In September of 2009, border patrol agent Bryan Gonzalez was fired for expressing his views on drug legalization to a fellow agent. Now, the American Civil Liberties Union of New Mexico has joined Gonzalez in filing a lawsuit on First Amendment grounds seeking unspecified compensatory and punitive damages.
Gonzalez, 26, alleges that he was dismissed from his job in El Paso, Texas after saying in casual conversation that legalizing and regulating drugs would help stop cartel violence along the southern border with Mexico. His letter of termination stated his comments were "contrary to the core characteristics of Border Patrol Agents, which are patriotism, dedication, and esprit de corps."
Gonzalez told his colleague Shawn Montoya in April of 2009 that "legalization of drugs would end the drug war and related violence in Mexico," adding that "the drug problems in America were due to American demand for drugs supplied by Mexico," according to the complaint he and the ACLU-NM filed in federal court.
Montoya reported the conversation to officials, sparking an internal-affairs investigation. Gonzalez was dismissed just one month before the end of his two-year probationary period, despite consistently-excellent performance reviews. He served from October 2007 until September 2009.
Terry Nelson, a former U.S. border patrol agent who is now a board member of Law Enforcement Against Prohibition, said Gonzalez is merely stating what many know to be true.
"There's no doubt that the so-called 'war on drugs' is a gigantic failure and that it causes violence, hurts our economy and forces dedicated law enforcers to risk their lives in the line of fire for a lost cause," said Nelson, who served as a border patrol agent for eight years in El Paso. "But whether you think we should legalize drugs or not, you have to support the right of brave law enforcers like Bryan Gonzalez to exercise the First Amendment and share their views on policies that impact them on a daily basis."
The Gonzalez-ACLU lawsuit, first filed on Jan. 20, has some precedent.
In January 2009, Jonathan Wender, one of LEAP's pro-legalization advocates, successfully sued the Mountlake Terrace, Wash. police department after being fired under similar circumstances. The department settled, reinstating Wender and giving him back pay and full benefits, according to LEAP reports.
"This is a free speech issue," Nelson told HuffPost in an interview. "The Constitution guarantees us free speech -- I don't think you should have to give that up to wear a badge."
That chilling effect has showed up in other places too.
During California's gubernatorial debates in October, GOP candidate Meg Whitman, when asked about her position on legalizing marijuana under the state's Proposition 19, said: "Every single law enforcement official in this entire state is against Proposition 19."
"She's absolutely wrong," former San Jose Chief of Police Joseph McNamara told HuffPost in an interview at the time. "A lot of police officers both retired and on duty are in favor of passing it because they realize that the 'war on drugs' has failed and is going to fail."
What seemed clearer, at least, was that California's active-duty police officers feel unable to speak up in favor of legalizing marijuana for fear of losing their jobs. Scores of former officials signed a letter this fall saying that marijuana prohibition fuels more dangerous crime by enriching Mexican drug cartels who put guns on U.S. streets -- but every member of the California police department waited until after they'd retired to sign.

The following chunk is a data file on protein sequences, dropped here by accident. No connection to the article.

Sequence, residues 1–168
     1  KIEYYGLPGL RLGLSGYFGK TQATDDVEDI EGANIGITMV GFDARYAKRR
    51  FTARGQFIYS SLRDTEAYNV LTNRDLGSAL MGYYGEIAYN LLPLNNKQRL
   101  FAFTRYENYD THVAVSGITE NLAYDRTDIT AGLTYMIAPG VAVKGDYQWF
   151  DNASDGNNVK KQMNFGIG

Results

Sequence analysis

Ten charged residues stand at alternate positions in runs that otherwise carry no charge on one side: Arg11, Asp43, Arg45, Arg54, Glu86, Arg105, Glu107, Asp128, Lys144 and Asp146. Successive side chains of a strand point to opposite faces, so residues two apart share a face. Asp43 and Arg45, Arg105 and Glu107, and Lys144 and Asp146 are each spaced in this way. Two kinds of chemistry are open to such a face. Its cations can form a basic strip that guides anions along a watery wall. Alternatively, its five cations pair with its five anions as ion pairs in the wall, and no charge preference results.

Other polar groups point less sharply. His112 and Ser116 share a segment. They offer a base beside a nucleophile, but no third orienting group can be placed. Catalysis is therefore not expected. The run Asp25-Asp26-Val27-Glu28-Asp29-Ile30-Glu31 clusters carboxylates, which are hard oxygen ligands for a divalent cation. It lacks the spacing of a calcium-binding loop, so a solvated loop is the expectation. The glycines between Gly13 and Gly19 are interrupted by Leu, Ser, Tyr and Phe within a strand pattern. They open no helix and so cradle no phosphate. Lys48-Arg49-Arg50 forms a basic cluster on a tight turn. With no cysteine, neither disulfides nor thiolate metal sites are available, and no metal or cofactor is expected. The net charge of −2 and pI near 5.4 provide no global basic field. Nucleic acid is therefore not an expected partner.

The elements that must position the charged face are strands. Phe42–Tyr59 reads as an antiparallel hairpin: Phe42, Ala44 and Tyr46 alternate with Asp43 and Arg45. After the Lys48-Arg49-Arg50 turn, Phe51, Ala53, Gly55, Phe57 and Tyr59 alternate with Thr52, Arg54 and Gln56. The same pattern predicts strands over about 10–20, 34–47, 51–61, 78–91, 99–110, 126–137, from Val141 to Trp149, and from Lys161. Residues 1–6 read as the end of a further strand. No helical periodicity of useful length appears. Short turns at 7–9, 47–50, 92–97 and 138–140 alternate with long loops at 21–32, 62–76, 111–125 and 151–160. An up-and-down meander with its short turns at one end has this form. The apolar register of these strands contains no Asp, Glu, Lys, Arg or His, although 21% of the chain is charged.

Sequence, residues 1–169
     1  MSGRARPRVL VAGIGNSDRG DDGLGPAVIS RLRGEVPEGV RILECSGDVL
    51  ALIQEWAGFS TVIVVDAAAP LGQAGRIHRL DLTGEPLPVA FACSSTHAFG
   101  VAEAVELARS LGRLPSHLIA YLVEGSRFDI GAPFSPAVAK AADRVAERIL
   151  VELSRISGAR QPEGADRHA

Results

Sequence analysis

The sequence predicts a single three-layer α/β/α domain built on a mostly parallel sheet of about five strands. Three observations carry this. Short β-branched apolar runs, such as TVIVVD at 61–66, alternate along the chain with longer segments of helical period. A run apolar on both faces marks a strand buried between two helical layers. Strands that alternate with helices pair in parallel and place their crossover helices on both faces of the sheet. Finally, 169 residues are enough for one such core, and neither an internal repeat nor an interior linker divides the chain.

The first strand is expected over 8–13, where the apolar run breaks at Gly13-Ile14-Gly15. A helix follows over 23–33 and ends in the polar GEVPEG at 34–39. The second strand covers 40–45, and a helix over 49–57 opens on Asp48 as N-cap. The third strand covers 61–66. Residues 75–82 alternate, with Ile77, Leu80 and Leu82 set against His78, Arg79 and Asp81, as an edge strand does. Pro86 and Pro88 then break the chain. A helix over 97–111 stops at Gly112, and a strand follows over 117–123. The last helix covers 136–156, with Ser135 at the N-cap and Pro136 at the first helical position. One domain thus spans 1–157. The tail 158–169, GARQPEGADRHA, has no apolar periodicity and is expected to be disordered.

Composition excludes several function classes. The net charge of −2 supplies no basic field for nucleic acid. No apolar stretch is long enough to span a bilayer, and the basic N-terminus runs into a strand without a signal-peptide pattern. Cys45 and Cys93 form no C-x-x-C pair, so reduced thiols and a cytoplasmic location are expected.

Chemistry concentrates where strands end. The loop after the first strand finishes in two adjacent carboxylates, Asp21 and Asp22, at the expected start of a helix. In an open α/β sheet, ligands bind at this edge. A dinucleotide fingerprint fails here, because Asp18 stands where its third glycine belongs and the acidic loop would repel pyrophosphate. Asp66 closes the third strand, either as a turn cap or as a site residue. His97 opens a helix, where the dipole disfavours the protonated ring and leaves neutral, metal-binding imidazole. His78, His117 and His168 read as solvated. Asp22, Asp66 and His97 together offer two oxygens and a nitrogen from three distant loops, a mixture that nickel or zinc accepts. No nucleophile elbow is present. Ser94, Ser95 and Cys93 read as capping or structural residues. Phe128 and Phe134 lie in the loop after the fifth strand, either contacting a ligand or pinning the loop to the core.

"It's difficult, there are all kinds of factors that inhibit police officers from taking a public stance," said David Bratzer, a police officer for the Victoria Police Department in British Columbia who supports legalizing the drug. "They're worried about career advancement, harassment from colleagues or supervisors -- these are all issues that serving police officers have to consider."
Bratzer told HuffPost that even though many law-enforcement officers will privately agree with him about legalizing marijuana, only a handful of cops have been willing to make their opinions known publicly.
"The paramilitary structure of law enforcement discourages police officers from speaking out against the status quo even if that status quo is causing enormous damage in terms of wasted lives and resources," said Bratzer, who was careful to emphasize to HuffPost that his views are his alone and should not be attributed to his department.
Stephen Downing, a retired Los Angeles deputy chief of police, said working in law enforcement showed him U.S. drug policy has failed.
"I was with the LAPD when Nixon declared the 'war on drugs' over 40 years ago and was one of the 'generals' on the front lines who helped implement that same failed drug policy that is still in effect today," he said in a statement. "The only results are billions of tax-free dollars being funneled into the pockets of bloodthirsty drug cartels and gangs who control the illegal market."
But McNamara insisted there are good reasons for cops not to speak out in favor of legalizing pot while they're on active duty -- obeying the law, for example, and deferring to the chain of command.
"You take an oath to support the law, not just the laws you agree with," he said. "You're under the authority of elected officials and so you can't speak out on policy issues in opposition to what your superiors say."
Nelson noted that the Gonzalez case is "much bigger" than any of the legalization battles playing out in California.
"I think it's scary," said Nelson of Gonzalez's firing. "If a man has an opinion he ought to be able to express it," and, he added, "he ought to pick his friends a little better."
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